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What is Surinam Cherry?

A bunch of surinam cherries.
A surinam cherry bush will attract fruit flies.
Surinam cherries are native to Brazil.
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  • Written By: Mary McMahon
  • Edited By: Niki Foster
  • Last Modified Date: 18 October 2014
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Surinam cherry is the product of a fruiting bush native to Surinam and Brazil. The fruit is most frequently eaten by children, although recipes for surinam cherry jams and jellies are in use in some parts of the world. The bush is most commonly grown for ornamental purposes, with scant attention being paid to the fruit it produces. Surinam cherry is frequently found in the tropics or subtropical regions and is considered an acid fruit.

The bush upon which surinam cherries grow can reach up to 25 feet (7.5 meters) in height, although it is frequently trained and trimmed well below that height. The surinam cherry bush is often used in landscaping to provide privacy hedges and an area of focused dark color. The leaves begin as a dark bronze color, which changes to a dark green before the winter, when the leaves turn red and fall off. The flowers of the surinam cherry bush are delicate white to yellow blooms with a resinous odor.

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The surinam cherry itself is a lobed fruit with five to eight ridges. The fruit is dark red or almost black in color and sometimes splits as it ripens. The flesh of the surinam cherry is an orange to red color, very juicy, with two to three small seeds. Surinam cherry tastes acidic with resinous overtones, because the plant produces a great deal of bitter resin. For this reason, the fruit should only be harvested when it is so ripe that it almost falls from the bush, because it will have lost much of its resin at that point.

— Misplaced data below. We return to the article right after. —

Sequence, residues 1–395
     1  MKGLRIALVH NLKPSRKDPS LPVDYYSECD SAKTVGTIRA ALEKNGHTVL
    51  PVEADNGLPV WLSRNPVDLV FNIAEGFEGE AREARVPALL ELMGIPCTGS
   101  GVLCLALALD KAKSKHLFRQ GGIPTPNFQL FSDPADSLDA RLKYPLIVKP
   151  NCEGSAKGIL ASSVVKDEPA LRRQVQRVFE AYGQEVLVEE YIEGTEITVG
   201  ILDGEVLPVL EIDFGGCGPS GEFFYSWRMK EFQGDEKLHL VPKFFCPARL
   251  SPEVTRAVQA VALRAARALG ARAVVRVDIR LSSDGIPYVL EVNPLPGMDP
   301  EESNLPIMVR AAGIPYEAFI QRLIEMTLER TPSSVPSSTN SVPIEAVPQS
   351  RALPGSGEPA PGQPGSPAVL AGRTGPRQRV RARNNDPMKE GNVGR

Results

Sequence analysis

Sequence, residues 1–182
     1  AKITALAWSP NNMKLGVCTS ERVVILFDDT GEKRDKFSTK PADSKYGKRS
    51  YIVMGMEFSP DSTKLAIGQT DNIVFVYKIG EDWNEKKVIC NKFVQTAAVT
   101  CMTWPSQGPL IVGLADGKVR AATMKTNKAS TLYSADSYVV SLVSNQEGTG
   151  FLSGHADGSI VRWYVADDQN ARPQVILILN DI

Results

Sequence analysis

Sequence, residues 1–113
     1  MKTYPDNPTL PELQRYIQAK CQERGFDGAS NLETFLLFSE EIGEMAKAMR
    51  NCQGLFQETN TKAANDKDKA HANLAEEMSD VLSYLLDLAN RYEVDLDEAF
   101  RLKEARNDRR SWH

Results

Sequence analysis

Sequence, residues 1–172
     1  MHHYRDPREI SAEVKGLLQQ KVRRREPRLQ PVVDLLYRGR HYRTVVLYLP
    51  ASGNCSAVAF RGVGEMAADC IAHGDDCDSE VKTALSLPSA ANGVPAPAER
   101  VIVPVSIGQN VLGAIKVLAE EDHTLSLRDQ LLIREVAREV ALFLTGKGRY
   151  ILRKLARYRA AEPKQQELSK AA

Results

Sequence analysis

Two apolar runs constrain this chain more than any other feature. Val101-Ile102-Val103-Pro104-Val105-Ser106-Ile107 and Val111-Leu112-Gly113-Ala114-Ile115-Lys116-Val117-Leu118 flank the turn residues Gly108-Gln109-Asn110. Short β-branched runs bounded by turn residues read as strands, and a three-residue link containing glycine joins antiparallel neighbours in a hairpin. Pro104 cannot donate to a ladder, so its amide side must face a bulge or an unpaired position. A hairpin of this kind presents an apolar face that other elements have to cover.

Although the surinam cherry bush is not subject to pests, it does attract fruit flies, and this should be considered by gardeners intending to plant it. Furthermore, the fruits will make a mess if not harvested, and therefore, provisions should be made for collecting the fruit when it comes into season. The surinam cherry bush is also very slow to mature, taking up to ten years to grow in size and to produce surinam cherries. The plant prefers moist soil, enjoys full sun, and is cold tolerant to approximately 22° Fahrenheit (-5° Celsius).

Like many plants producing small fruits without much flavor, the surinam cherry bush is not widely cultivated in the West for food purposes. Although attempts have been made in several locales to popularize the fruit, it tends to lose the interest of the market after a year or so and remains the food of bored children snacking on the landscaping and enterprising tropical cooks. The surinam cherry is quite excellent chilled and dressed with whipped cream, as well as in cold drinks, ice cream, and other fruit drinks and desserts. When seeking it out in the store for culinary experimentation, look for very dark, evenly colored fruits with minimal resinous odor. To further eliminate resin from the taste of the fruit, slice it in half, remove the seeds, and chill for two to three hours before serving.

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anon340045